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Official Review by Stefano Romagnoli, Stadium Journey Regional Correspondent
Stadio San Paolo is the largest sports facility in the city of Naples. For seven years, from 1984-1991, one of the greatest soccer players of the twentieth century, Diego Maradona, was seen on the playing field of El Pibe de Oro.
San Paolo Stadium is located in the Fuorigrotta neighborhood, in the western and most populous part of the city of Napoli. Since 1959 it has hosted the home matches of the Societŕ Sportiva Calcio Napoli.
It was opened on December 6, 1959 with Napoli playing host to Juventus in a match of the 10th round of Serie A, the top level of Italian football. The match was won 2-1 by the home team (Vitali, Vinicius, Cervato the authors of three goals).
San Paolo Stadium has also hosted some matches for the Olympic Games in 1960, several competitions of the European Championships of 1968 and 1980, as well as five matches during the 1990 FIFA World Cup (including the semi-final Italia vs. Argentina).
Previously the Azzurri (the nickname of the players of Naples comes from the colors of the sky and sea of this corner of Italy) had played at the “Stadio Militare dell'Arenaccia,” at the “Partenope Stadium,” and at the “Arturo Collana Stadium.”
The “Stadio Militare dell'Arenaccia” and the “Arturo Collana Stadium” are still present in the city. The “Partenope Stadium,” wanted and funded by Giorgio Ascarelli, the first president of Napoli, was destroyed during World War II by the Allied planes bombing.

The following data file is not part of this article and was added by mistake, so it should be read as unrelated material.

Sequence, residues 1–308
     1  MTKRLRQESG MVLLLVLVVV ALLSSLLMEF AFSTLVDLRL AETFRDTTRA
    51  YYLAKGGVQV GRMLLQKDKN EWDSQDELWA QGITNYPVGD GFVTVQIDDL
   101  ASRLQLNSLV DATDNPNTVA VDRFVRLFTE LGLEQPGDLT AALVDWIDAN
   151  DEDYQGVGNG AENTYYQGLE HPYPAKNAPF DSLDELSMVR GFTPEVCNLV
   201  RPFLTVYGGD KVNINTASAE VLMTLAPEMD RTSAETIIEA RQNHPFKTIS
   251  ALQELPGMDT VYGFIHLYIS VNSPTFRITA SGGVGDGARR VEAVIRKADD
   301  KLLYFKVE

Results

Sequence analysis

The Italian national football team has played at the San Paolo Stadium on 23 occasions. The first occurred in 1960, and overall the National team has a record of 12 wins, 5 draws and 6 defeats.
The FANFARE scale is our metric device for rating each stadium experience. It covers the following:
Each area is rated from 0 to 5 stars with 5 being the best. The overall composite score is the "FANFARE Score".
Naples is known worldwide for being the city where pizza was invented. So before entering the stadium it is required that you stop in one of the many pizzerias in the Fuorigrotta district. You can find a classic "Margherita" pizza with tomato, mozzarella and basil at a cost of just 1 euro.
Even the coffee is a tradition in this part of Italy. It is served accompanied by a glass of water. Warning: never drink the water after the coffee, always before, or the barman would think that the black drink in the cup is not liked. Outside and inside the stadium the price of a coffee is 0.80 euro.
Also sample the desserts (pastiera, the curly sfogliatella, the baba), dishes based on fish and fries (similar to London's fish and chips in Naples there is o'cuoppo).
After 60 years, the stadium still looks as good as ever due to several renovations over the years.
San Paolo Stadium was designed in 1948 by architect Carlo Cocchia. The work to build it lasted about six years. But its present appearance is very different from the original one.
Owned by the municipality, the facility was modernized to host the European Championships in 1980 and the FIFA World Cup in 1990. Finally in the summer of 2010 it was the subject of another restyling.
Today it appears to the public with three rings (the upper one, however, is closed) oval, totally covered and with a lighting system housed in the attic, some LED screens about 16 meters long placed in the stands Distinti and Centrale, and an athletics track with eight lanes. The pitch measures 110 x 68 meters.